Keywords: domicile, diversity, subject matter jurisdiction, law, case briefs, jurisdiction
Baker v. Keck, 13 F.Supp. 486 (E.D. Ill. 1936).
Facts: Baker (P) sided with the United Mine Workers in a dispute with the Progressive Mine Workers. Baker was shot in the arm and sued several parties for conspiracy. P alleged that he was a citizen of Oklahoma and filed a diversity action in federal district court. Baker filed a motion to dismiss on the grounds that P was a citizen of Illinois.
Issue: What is required to acquire a domicile for diversity jurisdiction purposes?
Holding and Rule: To acquire a domicile a person must establish a dwelling place with the intention of making it a home. That intention is not necessarily determined from the statements of declarations of the party but may be inferred from the surrounding circumstances. Less weight will be given to the party’s declarations than his acts.
In this case P had stated his intention to become a citizen of Oklahoma, worked on a community project in Oklahoma without compensation, registered to vote and became a participant in local political activities. The court held that these facts together with his sworn testimony that it was his intention to reside in Oklahoma established that the elements constituting the status of citizenship existed. The evidence that he intended to return to Illinois once the case was over was insufficient to bar citizenship when active participation in the obligations and enjoyment of the rights of citizenship existed. The motives for the United Mine Workers’ support of P were not relevant.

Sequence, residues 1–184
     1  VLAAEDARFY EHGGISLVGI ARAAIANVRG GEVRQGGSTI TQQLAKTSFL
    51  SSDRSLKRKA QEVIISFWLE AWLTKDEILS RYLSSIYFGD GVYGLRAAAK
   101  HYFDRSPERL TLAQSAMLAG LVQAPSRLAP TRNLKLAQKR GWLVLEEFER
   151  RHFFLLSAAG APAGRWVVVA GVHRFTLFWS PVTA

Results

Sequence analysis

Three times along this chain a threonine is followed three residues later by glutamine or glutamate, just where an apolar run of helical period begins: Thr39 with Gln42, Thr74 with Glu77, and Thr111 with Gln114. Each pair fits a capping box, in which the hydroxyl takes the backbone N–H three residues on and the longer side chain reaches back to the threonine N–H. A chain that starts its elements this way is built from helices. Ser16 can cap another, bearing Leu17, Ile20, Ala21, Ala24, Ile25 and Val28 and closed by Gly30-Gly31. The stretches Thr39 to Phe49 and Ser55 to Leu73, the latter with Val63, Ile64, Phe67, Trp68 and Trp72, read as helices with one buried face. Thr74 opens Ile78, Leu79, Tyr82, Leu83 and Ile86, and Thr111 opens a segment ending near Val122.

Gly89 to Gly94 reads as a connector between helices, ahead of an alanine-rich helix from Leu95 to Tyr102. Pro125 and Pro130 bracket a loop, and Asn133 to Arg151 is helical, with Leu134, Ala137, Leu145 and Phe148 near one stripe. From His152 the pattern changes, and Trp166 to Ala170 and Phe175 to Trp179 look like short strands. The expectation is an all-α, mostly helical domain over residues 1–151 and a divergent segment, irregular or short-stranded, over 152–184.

Disposition: Motion to dismiss denied.
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